What can you do when you are stumped by a math problem? Not just any old homework exercise, but one of those tricky word problems that can so easily confuse anyone?
The difference between an “exercise” and a “problem” will vary from one person to another, even within a single class. Even so, this easy to remember, 4-step approach can help students at any grade level. In my math classes, I give each child a copy to keep handy:
[Note: Page 1 is the best for quick reference, especially with elementary to middle school children. Page 2 lists the steps in more detail, for the teacher or for older students.]
Homemade White Boards
I made each student an individual “white board” — a clear page protector filled with white card stock (or several sheets of typing paper). Dry erase markers wipe off easily, and we can insert graph paper or other templates for the lesson of the day. Then I printed the first page of my problem-solving handout and slipped it into the back of each page protector.
At the beginning of each year, and then occasionally throughout the first semester, we go over the system more thoroughly, explaining each step in depth…
How To Solve a Tough Math Problem
Ask yourself these 4 questions:
1) What do I know?
- List the facts or information given in the problem.
- Underline or circle any key words, such as factor, multiple, area, or perimeter.
- Watch out for mixed units!
- Express the facts in math symbols, if you can.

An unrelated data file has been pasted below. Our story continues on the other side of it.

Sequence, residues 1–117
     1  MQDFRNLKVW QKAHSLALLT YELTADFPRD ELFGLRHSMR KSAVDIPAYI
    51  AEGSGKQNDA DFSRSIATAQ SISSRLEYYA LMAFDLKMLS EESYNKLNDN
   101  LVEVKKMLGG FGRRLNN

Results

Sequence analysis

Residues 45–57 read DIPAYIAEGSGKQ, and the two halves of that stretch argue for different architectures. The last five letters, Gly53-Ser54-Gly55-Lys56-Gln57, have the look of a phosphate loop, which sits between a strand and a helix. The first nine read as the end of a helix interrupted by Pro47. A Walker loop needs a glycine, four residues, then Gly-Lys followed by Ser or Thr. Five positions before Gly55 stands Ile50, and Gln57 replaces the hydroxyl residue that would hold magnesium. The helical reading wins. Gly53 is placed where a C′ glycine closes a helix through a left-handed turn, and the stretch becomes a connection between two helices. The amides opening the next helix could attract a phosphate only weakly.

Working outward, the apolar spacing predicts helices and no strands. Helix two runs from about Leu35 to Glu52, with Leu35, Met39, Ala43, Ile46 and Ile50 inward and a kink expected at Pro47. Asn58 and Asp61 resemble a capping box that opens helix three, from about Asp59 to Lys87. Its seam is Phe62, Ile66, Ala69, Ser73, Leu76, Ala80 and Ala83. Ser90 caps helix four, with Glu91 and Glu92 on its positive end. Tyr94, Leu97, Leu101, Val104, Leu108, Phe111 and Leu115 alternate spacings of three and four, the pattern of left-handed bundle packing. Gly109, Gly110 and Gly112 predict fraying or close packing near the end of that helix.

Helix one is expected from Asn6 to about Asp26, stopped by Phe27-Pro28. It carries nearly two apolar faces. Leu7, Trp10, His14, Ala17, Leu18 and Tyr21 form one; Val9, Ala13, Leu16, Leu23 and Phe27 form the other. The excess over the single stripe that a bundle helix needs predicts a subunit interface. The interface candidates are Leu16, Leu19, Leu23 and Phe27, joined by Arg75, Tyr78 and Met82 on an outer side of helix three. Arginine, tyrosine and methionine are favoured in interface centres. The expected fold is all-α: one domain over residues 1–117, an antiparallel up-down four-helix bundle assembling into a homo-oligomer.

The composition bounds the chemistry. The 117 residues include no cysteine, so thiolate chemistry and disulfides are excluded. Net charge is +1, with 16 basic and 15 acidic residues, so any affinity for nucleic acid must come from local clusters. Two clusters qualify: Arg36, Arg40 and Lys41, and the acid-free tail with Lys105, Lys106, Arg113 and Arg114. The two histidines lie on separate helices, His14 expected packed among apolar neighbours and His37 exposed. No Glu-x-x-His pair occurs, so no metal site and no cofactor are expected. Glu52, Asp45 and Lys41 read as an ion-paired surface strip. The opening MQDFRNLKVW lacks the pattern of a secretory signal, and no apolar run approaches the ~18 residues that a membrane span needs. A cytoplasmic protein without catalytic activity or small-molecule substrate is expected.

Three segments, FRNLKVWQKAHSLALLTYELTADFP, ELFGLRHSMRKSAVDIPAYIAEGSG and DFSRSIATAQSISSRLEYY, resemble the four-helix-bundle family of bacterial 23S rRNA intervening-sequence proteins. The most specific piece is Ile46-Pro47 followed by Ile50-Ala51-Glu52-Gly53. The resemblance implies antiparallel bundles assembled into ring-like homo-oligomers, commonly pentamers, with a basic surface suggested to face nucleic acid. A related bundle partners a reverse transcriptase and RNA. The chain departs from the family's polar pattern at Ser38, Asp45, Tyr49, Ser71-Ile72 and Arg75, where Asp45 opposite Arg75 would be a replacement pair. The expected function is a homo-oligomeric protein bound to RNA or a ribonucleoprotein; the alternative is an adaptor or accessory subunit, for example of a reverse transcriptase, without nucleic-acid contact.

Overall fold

2) What do I want?
- Describe the goal, what the problem is asking you to find.
- Underline or circle any key words, such as sum, product, next, or not. (Small words are easy to miss!)
- Express the goal in math symbols, if you can.
3) What can I do?
- Combine the given facts. Can you get closer to the goal?
- Try a tool from your Problem Solving Tool Box [see below].
- Do one little step at a time.
4) Does it make sense?
- When you get an answer, always look back at the original problem one more time.
- Check 3 things:
- Does your answer make sense?
- Do you have the correct units (inches, cm2, kg, etc.)?
- Can you think of a way to confirm that your answer is right?
Problem Solving Tool Box
- Draw a diagram or picture.
- Act the problem out, step by step.
- Make a systematic list, chart, or table.
- Look for a pattern.
- Simplify the problem. (Try it with smaller numbers.)
- Restate the problem in another way, or look for a related problem.
- Think about “Before” and “After” situations.
- Work backwards.
- Guess and check. (Try something and see if it works.)
Edited to add: This post is an excerpt from my book Let’s Play Math: How Homeschooling Families Can Learn Math Together, and Enjoy It!
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